“‘In This Here Place’ looks at the plantation landscape. It looks at the landscape that is the beginning of the formation of the set of relationships between African Americans and this country that continues to have very real meaning and relevance,” says Bey. “I'm looking at the landscape of enslavement and trying to provoke a conversation about that history in relation to the contemporary moment because I believe that there is a very straight line that can be drawn from that history of excessive abuse of black bodies and the contemporary narrative around how African Americans tend to fare in this country.”

The photos, which only feature landscapes, were taken in Hudson, Cleveland, and Northeastern, Ohio. “I made those photographs trying to imagine what that landscape might have looked like and felt like through the eyes of those who were moving through that space, trying to see as if through the eyes of a fugitive African American and moving through this landscape largely under the cover of darkness,” he says. “They're very dark photographs and they're very large. They kind of pull the viewer physically as well as visually into that space.”

Bey hopes that the images become an experience for audiences where the viewer can resonate with the photo through the basis of their own experiences. “None of those experiences I think are to be denied,” he says. “I have my intention, but when the work goes out into the world, it meets up with a whole range of responses. But mostly, I want the viewers to be provoked through the photograph into a deeper level of thinking about what the work is about than they may have otherwise been before coming to the work.”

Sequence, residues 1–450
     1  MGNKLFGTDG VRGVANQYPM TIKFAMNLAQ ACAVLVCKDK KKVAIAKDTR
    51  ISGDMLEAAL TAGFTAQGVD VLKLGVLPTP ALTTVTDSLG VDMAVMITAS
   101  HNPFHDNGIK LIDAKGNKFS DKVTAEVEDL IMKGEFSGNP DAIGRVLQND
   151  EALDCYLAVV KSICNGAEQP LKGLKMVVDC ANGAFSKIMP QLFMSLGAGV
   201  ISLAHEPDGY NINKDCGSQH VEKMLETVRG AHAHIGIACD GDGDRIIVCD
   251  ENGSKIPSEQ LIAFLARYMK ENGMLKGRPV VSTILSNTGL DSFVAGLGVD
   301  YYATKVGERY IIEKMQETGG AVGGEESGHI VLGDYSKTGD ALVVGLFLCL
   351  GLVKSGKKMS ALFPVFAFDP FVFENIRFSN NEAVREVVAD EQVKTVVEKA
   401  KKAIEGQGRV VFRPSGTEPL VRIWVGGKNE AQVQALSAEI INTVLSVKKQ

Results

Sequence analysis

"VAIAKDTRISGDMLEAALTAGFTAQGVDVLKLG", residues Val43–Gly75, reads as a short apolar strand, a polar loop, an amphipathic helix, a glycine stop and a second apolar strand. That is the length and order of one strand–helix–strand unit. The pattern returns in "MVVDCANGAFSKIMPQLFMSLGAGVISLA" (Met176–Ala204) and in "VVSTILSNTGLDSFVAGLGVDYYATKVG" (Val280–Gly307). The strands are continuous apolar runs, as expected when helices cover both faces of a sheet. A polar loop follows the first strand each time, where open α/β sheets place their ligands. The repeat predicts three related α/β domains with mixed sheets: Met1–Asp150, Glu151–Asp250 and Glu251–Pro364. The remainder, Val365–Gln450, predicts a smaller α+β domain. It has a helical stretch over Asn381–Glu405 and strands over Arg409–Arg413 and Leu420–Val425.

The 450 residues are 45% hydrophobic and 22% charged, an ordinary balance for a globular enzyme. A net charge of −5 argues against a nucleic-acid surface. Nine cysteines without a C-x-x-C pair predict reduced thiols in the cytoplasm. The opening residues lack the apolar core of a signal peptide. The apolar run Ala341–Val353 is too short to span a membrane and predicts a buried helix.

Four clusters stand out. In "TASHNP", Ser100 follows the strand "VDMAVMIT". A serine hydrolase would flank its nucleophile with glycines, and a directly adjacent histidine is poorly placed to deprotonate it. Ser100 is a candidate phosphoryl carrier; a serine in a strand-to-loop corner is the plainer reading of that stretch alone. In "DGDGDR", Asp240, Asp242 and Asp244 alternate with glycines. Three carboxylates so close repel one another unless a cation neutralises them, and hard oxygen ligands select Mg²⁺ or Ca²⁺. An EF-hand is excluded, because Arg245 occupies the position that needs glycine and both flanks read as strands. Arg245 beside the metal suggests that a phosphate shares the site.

It is important to Bey to depict a sense of what he calls a “rich black interiority,” which he defines as a rich and deep inner life and wide range of human emotions that black people experience intellectually and otherwise. “We do not merely exist in a state of racialized anguish. I think a lot of the narrative around the black subject is in some way justifiably about that, but that's not the sum total of who we are.”

“The kind of performance that I'm interested in in my portraits is one in which the person is basically performing themselves. It's a kind of heightened performance of oneself. It requires having a very light touch,” says Bey. “Because if it looks too much like a performance, we won't believe it. If it looks too self-conscious, it won't resonate.”